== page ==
“Our federal partners have been a cornerstone to our transition,” says Johnson. “They’ve provided funding which has fostered much needed infrastructure development, workforce training, and technical support. But their dollars also have fostered more regional collaboration than ever before – and this economic transition is definitely a regional effort.”
Investing in Diversity and Preserving History
Although many residents still long for a single-industry solution, Johnson is focused
“We’re not focusing on any one thing,” she says. “We’re all over the board, and we don’t want to leave any stone unturned.”
At the same time, Johnson emphasizes the importance of recognizing the contributions of community members and coal workers that have come before.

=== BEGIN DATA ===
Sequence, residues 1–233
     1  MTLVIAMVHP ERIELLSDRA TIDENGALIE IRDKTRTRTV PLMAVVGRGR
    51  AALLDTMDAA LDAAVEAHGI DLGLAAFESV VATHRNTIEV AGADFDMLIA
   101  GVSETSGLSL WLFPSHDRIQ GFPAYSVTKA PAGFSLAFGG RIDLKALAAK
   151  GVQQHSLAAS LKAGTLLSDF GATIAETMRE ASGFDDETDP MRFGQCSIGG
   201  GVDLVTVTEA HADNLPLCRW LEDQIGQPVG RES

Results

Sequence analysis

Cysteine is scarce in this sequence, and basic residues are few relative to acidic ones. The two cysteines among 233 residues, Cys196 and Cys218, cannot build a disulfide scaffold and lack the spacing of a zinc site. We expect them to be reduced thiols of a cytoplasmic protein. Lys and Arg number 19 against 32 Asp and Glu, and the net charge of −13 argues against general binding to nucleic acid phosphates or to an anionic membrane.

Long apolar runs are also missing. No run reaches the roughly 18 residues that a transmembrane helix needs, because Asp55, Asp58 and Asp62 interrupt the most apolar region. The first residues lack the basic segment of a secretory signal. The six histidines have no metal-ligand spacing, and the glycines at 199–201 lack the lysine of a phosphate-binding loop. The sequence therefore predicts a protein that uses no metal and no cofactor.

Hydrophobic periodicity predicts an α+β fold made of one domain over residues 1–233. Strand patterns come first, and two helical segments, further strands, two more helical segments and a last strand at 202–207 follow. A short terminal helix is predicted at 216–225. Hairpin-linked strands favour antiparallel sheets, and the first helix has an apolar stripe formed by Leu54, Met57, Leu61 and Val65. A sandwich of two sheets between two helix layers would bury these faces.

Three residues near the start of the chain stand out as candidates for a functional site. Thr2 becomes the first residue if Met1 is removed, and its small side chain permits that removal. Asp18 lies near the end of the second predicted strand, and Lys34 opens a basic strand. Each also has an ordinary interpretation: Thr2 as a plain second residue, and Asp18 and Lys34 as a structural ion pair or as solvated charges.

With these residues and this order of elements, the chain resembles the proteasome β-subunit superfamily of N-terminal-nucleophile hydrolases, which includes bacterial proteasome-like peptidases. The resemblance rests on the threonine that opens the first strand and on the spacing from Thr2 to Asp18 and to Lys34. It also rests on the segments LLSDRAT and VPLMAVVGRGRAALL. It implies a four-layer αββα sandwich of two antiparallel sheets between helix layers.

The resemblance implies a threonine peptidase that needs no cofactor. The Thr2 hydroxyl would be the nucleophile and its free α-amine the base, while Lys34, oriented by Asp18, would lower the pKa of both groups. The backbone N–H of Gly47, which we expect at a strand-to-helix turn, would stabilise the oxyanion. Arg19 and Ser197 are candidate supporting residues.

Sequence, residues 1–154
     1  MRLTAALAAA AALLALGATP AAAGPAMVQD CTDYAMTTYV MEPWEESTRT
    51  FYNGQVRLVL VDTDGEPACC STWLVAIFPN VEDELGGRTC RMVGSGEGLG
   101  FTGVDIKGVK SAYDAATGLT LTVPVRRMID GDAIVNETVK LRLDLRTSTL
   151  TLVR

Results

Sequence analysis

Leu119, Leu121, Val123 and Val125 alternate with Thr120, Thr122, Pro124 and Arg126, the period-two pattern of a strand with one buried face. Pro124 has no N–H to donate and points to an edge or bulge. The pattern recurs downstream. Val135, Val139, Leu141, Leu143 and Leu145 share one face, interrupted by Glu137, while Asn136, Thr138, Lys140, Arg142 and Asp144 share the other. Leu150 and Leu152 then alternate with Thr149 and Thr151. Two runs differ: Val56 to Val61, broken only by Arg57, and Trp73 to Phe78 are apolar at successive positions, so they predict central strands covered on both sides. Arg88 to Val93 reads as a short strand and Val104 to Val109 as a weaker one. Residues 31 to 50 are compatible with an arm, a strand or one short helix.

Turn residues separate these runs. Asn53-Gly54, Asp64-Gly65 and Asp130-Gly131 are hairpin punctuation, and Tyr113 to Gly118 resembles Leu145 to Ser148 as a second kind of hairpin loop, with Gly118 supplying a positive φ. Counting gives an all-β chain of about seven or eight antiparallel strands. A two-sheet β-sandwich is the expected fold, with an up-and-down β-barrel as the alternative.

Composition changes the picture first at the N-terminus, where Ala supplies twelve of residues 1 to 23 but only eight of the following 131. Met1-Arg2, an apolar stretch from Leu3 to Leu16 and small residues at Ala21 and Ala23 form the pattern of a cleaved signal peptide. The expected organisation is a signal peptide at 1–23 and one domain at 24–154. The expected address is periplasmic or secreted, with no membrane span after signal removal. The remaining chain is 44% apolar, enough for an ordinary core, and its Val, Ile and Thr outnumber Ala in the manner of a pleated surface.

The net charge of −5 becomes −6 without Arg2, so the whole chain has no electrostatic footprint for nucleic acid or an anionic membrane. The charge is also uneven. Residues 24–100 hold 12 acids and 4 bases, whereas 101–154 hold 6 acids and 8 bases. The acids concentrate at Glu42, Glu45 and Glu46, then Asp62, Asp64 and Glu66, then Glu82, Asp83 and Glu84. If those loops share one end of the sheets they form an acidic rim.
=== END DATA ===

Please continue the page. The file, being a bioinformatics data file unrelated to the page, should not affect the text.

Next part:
“At one point, Mingo County was the heart of the trillion-dollar coalfield. We had an intergenerational pride in the work we were doing,” she says. “There’s a sensitivity when transitioning away from what’s been a community’s life and livelihood. Certainly, there are communities of people that identify the need for transition, but too often they cast so much negativity on lives and families of coal miners who have put their lives at risk for the country. We want to protect that heritage as a part of the transition, to tell the story about where we’ve come from, what coal has done for us, and the opportunities that it has provided
to us going forward.”